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Atrogin-1 regulation in human and mouse skeletal myotubes

R.J. Stefanetti and A.P. Russell, Centre for Physical Activity and Nutrition Research, School of Exercise and Nutrition Sciences, Deakin University, 221 Burwood Highway, Burwood, VIC 3125, Australia.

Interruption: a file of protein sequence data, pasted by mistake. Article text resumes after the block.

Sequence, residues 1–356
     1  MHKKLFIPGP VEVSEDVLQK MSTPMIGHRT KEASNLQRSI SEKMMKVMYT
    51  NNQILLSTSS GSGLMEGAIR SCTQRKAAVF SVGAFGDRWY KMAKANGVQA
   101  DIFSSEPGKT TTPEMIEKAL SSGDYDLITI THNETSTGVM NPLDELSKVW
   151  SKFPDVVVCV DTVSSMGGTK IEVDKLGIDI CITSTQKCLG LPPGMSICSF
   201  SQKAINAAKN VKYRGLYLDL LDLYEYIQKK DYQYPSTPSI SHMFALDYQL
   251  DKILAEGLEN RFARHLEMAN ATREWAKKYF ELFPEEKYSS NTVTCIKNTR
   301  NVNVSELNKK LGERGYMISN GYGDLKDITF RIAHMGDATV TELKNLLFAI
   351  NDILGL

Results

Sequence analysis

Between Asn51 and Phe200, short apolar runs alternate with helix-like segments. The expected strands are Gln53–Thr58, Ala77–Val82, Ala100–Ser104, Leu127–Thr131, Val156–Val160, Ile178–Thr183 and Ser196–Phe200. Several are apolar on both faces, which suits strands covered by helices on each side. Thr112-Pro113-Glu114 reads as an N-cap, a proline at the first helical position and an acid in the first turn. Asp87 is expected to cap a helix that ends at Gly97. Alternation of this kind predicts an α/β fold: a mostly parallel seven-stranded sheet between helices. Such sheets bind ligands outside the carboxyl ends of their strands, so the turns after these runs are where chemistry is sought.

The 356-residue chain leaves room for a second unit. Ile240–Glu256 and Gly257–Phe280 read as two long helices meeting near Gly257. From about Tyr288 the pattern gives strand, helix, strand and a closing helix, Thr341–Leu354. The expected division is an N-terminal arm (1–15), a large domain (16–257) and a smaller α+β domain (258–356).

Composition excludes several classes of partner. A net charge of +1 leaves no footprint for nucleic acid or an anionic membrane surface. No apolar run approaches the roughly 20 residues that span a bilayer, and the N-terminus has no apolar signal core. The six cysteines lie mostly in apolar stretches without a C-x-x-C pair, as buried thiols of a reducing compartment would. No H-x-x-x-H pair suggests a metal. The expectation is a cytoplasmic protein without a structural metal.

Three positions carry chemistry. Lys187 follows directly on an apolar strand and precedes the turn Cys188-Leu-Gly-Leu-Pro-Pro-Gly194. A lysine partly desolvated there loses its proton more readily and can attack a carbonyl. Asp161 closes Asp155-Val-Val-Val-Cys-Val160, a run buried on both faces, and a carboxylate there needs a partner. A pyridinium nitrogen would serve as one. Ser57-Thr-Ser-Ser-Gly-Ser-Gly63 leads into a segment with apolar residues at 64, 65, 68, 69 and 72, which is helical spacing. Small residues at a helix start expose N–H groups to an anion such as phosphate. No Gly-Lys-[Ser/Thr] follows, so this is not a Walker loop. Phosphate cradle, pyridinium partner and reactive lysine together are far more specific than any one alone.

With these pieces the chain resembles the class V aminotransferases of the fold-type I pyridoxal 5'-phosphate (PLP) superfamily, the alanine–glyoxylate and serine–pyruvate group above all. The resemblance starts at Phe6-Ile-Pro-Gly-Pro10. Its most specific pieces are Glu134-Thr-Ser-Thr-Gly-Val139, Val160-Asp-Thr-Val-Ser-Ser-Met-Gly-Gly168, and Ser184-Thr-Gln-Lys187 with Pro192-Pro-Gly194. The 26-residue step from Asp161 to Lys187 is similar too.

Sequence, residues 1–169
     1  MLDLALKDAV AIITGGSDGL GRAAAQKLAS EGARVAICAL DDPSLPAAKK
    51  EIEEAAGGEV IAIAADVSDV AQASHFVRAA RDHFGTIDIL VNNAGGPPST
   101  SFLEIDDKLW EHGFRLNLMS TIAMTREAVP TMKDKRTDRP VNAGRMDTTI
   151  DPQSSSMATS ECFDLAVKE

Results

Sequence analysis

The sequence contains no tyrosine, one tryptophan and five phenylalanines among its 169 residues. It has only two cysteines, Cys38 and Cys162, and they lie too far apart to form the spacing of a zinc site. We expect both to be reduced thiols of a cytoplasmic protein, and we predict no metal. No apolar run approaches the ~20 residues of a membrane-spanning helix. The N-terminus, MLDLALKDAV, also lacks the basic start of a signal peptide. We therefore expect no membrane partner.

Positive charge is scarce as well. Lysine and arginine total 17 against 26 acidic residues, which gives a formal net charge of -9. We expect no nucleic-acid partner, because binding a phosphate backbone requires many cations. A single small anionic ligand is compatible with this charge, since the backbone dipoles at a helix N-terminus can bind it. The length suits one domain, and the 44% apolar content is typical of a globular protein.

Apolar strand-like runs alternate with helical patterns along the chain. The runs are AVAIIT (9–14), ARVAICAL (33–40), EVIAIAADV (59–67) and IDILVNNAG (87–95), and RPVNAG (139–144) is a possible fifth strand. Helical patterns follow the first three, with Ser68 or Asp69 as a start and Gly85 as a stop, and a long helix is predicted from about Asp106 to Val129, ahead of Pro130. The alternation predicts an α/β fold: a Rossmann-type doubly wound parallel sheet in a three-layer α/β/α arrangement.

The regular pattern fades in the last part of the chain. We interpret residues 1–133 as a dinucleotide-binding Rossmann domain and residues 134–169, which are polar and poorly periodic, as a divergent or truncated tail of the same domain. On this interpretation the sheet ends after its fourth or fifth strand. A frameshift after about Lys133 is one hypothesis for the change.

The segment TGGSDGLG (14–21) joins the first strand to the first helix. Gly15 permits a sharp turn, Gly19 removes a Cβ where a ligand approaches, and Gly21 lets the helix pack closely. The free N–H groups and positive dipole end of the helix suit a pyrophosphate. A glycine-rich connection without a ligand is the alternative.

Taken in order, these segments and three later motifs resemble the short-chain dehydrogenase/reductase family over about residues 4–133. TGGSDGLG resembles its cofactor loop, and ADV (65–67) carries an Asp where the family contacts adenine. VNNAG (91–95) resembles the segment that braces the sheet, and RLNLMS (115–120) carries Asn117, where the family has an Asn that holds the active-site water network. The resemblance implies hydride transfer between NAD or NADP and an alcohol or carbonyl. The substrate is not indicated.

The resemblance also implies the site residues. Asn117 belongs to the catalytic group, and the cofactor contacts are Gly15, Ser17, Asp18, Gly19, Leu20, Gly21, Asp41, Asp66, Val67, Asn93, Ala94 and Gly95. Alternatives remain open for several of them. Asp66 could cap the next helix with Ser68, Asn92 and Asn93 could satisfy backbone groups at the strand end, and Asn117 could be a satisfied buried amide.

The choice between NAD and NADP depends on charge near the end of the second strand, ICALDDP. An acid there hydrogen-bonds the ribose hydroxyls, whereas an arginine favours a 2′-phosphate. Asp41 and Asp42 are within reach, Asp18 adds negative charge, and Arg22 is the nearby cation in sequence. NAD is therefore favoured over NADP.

Atrogin-1, an E3 ubiquitin ligase, is increased in numerous models of muscle atrophy and is seen as a potential therapeutic target to combat muscle wasting. While previous rodent studies have consistently shown that under catabolic conditions, Atrogin-1 is regulated by FoXO transcription factors, studies in atrophic human skeletal muscle do not support a dominant role of FoXO. Our aim was to identify potential transcriptional regulators of Atrogin-1 in human and mouse myotubes. Human primary and C2C12 myotubes were infected with a c-MyC, C/EBPa or PPARd adenovirus for 48 h. Atrogin-1 mRNA levels were increased by 72% and decreased by 52% with PPARd and C/EBPa over-expression, respectively. mRNA analysis in human myotubes is in progress. At the protein level there was a 74% and 46% increase in Atrogin-1 with C/EBPa over-expression in mouse and human myotubes, respectively. c-MyC and PPARd over-expression increased Atrogin-1 protein by 46% and 62% in mouse myotubes respectively, while in human myotubes infection with c-MyC and PPARd decreased Atrogin-1 protein levels by 23% and 26% respectively. These preliminary results suggest that Atrogin-1 may be transcriptionally regulated by factors other than FoXO, and further highlight that Atrogin-1 regulation is species dependent. Future studies will determine direct transcriptional regulators of Atrogin-1 via luciferase assays.